War of the Rebellion: Serial 077 Page 0452 KY., SW. VA., TENN., MISS., ALA., AND N. GA. Chapter LI.

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could such an injury on the starboard side have been received, except in the earlier part of the action and before the enemy had well gotten into the bay. The steam pumps worked admirably, and discharged at the rate of 286 gallons per minute, without visible effect, and continued to do so until they had worked off all the steam in the boilers. I feel both mortification and annoyance that this statement of the gunner should reach me at this late period. It should have been reported at the instant. There is no reason for my questioning the veracity of this officer, and if his statement is literally correct there is less difficulty in accounting for the rapid rise of water in the ship. In reviewing such scenes as those through which the Gaines passed it is sometimes difficult to eliminate truth from fiction; and although I require reports in writing from officers commanding DIVISIONS, engines, &c., I was principally governed by my own observation and recollection in the report I made the Department. I did not require one from the gunner, because of his circumscribed sphere, and I thought myself perfectly familiar with all that occurred at this station.

Incidentally I may remark that since the action I have had statements made me of shots striking at various points below the water, but which I have not noticed, since no water is known to have flowed from them, and the time verification has passed.

I am, very respectfully, your obedient servant,

J. W. BENNETT,

Lieutenant, Commanding.

Honorable S. R. MALLORY,

Secretary of the Navy, Richmond, Va.

Numbers 21. Report of Lieutenant John A. Payne, C. S. Navy, engineer officer steamer Gaines.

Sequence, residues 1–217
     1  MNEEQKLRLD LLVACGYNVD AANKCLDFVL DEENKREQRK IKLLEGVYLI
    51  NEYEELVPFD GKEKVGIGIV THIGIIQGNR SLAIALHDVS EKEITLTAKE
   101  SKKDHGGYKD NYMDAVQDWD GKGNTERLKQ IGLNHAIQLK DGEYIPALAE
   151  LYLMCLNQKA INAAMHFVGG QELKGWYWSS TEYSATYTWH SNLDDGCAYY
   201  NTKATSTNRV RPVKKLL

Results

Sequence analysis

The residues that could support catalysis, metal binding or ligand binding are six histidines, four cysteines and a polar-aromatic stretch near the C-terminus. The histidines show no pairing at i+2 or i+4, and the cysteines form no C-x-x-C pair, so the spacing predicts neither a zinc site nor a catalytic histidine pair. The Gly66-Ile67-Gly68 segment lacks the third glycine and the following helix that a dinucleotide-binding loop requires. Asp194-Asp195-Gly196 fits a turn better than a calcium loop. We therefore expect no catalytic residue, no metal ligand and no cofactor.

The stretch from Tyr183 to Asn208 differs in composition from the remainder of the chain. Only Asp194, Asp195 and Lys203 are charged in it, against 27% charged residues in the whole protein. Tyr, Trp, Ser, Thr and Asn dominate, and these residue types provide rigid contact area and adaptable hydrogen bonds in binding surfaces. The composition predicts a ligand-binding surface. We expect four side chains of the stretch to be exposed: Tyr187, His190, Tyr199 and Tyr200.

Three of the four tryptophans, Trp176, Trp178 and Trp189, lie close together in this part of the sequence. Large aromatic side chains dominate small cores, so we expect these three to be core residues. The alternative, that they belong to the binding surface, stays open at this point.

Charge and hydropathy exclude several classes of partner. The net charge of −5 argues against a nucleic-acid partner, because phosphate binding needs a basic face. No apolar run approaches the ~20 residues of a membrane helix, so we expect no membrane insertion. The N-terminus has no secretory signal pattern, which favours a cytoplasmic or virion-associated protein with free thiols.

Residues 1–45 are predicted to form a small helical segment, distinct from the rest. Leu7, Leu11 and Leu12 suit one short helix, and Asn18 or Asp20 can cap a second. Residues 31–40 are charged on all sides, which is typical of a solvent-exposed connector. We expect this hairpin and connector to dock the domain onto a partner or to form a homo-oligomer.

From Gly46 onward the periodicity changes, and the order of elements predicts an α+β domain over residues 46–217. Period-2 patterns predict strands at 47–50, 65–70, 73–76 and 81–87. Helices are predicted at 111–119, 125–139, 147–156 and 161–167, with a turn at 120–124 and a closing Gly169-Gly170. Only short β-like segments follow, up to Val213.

SIR: At 6. 30 hove up anchor and beat to quarters. The admiral made general signal to follow his movements. At 6. 50 the Hartford fired the first gun, the action then becoming general. At 6. 55 we fired our first shot from forward gun (the Tennessee having fired one gun). We then engaged the nearest ship with our port battery at abut 1,700 yards; when about 1,200 wore ship and fired from starboard battery two rounds; then turned the ship with our head the same as the enemy. At about 7. 30 the hartford opened on us with her starboard battery at about 1,000 yards. One 11-inch shot came through the bow and stove in the berth-deck above the forward magazine, when the forward magazine was reported on fire. Called away the firemen and got a stream of water to the magazine, when it was found to be a false report. One shell burst near the wheel, wounding both men at the wheel and killed Quarter-Gunner Aherne, cut wheel rope and stove binnacle, and doing other damage. One shot struck the stern and knocked off cut-water; one shot entered the after gangway and killed M. Vincent, sea-man; two struck chief engineer's room, one through each wheel-house; one 11-inch shell came through the side and lodged on berth-deck, two through smoke- stack. Just after 8 o'clock a shot or shell struck just abaft the gangway below the water line, and a shell struck under the counter two feet above the water line, and glanced down and burst below the water line, crushing the several planks. The carpenter's